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Parties, ideology and culture
Author: Thomas Linehan

This book provides a clear and accessible guide to the essential features of interwar British fascism. It focuses on the various fascist parties, fascist personalities and fascist ideologies. The book also looks at British culture and develops the knowledge of undergraduate students by providing a solid source of background material on this important area of interwar British history. The focus on fascist culture throws new light on the character of native fascism and suggests a potentially rich vein of new enquiry for scholars of British fascism. The book considers the membership strength of Britain's interwar fascist parties. The ideas of racial Social-Darwinism influenced British fascism in a number of ways. To begin with, hereditarian ideas and biological determinist models contributed to the emergence of racial theories of anti-semitism. The anti-semitism of the Imperial Fascist League was of a very different order from that of the British fascism. Moreover, to Britain's fascists, artistic modernism, with its creative use of distortion, disintegrative images and general disdain for the traditional discipline of the art form, made a virtue of deformity. The search to uncover the anti-liberal and anti-capitalist pre-fascist lineage would become a highly subjective exercise in invention and take the fascists on an imaginative journey deep into the British past.

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Thomas Linehan

a distinct and readily perceivable historical and intellectual genealogy. At the intellectual level, the cultural ideas of British fascism drew on and absorbed concepts from a variety of both European and native sources. With regard to the former, British fascist culture developed within the broad European-wide cultural critique of liberal rationalism and positivism that originated in the 1890s, and was thus an organic element of it. Fin-de-siècle anti-rationalist thinkers like Nietzsche, Bergson, Sorel and Le Bon all developed concepts that found their way

in British Fascism 1918-39
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Jonathan Dunnage

the institutions of the Interior Ministry. This was also reflected in the early fascist Government’s wavering attitude concerning the role which different police forces should play in the new political order, before Mussolini finally invested the Interior Ministry Police as the leading organ responsible for defending his dictatorship. Chapter 2 analyses how effectively a fascist culture penetrated the police. It contrasts the regime’s official and much propagandised integration of the Public Security forces into the new political order with the ideological and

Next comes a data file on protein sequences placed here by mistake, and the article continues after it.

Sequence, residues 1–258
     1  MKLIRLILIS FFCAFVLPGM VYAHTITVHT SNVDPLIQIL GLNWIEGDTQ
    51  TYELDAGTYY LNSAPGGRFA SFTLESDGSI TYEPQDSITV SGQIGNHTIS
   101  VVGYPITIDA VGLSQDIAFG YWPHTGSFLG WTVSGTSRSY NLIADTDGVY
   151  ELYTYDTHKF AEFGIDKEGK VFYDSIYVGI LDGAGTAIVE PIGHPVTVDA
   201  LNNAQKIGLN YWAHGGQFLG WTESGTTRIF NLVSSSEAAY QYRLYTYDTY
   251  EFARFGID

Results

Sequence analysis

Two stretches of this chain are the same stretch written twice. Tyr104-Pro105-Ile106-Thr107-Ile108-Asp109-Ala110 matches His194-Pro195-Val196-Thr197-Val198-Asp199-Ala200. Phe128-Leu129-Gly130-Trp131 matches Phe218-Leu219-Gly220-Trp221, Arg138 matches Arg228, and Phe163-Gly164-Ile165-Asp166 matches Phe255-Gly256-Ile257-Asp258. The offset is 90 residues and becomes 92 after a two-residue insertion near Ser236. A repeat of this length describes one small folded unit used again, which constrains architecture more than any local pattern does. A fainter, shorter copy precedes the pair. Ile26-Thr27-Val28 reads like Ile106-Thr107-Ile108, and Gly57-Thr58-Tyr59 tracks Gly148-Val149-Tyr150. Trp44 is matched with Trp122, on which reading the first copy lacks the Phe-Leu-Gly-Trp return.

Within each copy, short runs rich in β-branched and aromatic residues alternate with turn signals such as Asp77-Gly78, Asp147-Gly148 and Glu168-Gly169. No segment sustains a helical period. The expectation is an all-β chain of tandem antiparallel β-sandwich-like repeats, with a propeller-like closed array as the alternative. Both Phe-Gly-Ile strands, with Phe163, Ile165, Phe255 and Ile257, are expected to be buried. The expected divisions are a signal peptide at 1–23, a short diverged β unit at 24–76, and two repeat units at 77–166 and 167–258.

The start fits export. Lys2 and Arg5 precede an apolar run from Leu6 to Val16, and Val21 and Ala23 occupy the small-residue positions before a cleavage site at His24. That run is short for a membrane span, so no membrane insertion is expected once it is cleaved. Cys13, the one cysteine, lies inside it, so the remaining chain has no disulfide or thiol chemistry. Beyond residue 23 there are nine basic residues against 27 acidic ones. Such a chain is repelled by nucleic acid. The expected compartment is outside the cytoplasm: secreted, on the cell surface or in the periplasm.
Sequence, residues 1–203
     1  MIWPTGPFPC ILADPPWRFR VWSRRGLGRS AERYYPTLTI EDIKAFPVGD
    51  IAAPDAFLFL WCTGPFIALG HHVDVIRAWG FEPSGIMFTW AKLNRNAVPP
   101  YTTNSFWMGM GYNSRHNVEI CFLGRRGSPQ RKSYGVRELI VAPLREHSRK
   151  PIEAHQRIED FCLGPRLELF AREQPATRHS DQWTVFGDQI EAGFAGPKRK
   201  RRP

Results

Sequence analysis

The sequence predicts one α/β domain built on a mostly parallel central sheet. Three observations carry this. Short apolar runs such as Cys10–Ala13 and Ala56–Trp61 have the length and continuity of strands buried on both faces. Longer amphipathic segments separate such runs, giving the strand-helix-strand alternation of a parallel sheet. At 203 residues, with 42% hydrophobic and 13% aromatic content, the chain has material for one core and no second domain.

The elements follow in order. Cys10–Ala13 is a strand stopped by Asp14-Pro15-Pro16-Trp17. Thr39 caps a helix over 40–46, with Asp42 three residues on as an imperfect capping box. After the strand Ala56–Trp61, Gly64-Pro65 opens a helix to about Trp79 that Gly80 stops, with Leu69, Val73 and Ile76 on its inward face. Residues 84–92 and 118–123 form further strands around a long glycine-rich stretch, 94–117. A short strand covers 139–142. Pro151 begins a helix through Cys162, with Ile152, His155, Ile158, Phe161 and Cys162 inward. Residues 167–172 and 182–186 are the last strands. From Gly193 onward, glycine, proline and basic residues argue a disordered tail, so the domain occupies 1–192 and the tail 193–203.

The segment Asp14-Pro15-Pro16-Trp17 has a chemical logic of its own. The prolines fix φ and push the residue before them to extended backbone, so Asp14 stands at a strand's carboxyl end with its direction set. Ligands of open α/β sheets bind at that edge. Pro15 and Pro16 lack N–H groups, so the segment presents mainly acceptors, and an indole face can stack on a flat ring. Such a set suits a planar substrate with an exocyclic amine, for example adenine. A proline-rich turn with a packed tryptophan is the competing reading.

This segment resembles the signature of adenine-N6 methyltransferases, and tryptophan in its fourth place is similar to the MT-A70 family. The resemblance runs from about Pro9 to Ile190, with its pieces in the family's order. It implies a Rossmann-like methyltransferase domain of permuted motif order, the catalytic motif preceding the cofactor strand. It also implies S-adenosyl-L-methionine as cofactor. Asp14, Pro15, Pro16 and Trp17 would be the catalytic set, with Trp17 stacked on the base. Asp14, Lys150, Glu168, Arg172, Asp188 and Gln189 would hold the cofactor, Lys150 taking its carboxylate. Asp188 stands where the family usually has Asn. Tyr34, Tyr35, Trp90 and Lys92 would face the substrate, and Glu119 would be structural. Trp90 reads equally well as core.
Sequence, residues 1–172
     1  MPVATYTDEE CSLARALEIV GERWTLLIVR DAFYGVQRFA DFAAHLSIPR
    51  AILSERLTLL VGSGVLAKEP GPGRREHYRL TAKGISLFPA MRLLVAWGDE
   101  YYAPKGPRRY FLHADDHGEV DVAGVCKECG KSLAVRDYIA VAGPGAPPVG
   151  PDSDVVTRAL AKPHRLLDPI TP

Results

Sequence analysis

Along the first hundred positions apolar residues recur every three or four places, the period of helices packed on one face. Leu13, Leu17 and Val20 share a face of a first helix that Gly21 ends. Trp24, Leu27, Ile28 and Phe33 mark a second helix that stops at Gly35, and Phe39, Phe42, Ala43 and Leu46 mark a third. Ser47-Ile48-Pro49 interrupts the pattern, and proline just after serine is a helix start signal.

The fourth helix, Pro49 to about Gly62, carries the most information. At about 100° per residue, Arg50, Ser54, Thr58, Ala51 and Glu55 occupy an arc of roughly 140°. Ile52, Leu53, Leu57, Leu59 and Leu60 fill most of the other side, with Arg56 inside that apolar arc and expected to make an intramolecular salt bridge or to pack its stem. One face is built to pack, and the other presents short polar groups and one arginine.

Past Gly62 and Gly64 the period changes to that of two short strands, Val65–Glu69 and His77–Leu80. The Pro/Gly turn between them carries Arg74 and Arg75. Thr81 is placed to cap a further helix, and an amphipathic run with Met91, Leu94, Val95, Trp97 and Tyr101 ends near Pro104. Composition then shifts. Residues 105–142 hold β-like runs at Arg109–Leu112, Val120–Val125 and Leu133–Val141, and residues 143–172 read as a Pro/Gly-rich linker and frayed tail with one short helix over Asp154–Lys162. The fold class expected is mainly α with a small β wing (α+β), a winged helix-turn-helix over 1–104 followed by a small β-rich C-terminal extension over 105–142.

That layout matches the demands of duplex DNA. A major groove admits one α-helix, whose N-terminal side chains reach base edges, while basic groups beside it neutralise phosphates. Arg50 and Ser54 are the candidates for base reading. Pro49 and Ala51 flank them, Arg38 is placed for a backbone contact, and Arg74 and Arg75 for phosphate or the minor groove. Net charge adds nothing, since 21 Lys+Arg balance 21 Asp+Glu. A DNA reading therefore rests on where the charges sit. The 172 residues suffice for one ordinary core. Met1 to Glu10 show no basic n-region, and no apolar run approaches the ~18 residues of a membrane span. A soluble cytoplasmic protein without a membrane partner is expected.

in Mussolini’s policemen
Behaviour, ideology and institutional culture in representation and practice

This book examines the careers and lives of regular Italian police personnel against the background of Benito Mussolini's rise to power and his attempted construction of a new fascist civilisation. It analyses how, and to what extent, the new regime transformed the existing structures and functions of the Italian police. The book explores the cultural environment in which Mussolini's policeman acted. In spite of notable levels of support for fascism among policemen, Mussolini's movement was hesitant in its relations with the police, particularly the institutions of the Interior Ministry. It analyses how effectively a fascist culture penetrated the police. The book contrasts the regime's official and much propagandised integration of the Public Security forces into the new political order with the ideological and professional shortcomings behind recruitment and training procedures. The professional tasks entrusted to the regular organs of the Interior Ministry Police and the Carabinieri at the level of the community and the type of relationships that arose are then examined. An assessment of the quality of performance of the regular police and the effectiveness of internal hierarchical structures governing them during the fascist years follows. The book reviews the profiles of the careers and lives of a selection of members of the Interior Ministry Police, with a view to consolidate an understanding of the various issues. Finally, it considers how the Italian police forces reacted to the gradual demise of fascism, underlining how their growing dissociation from the regime reflected its failure to engender lasting loyalty among personnel.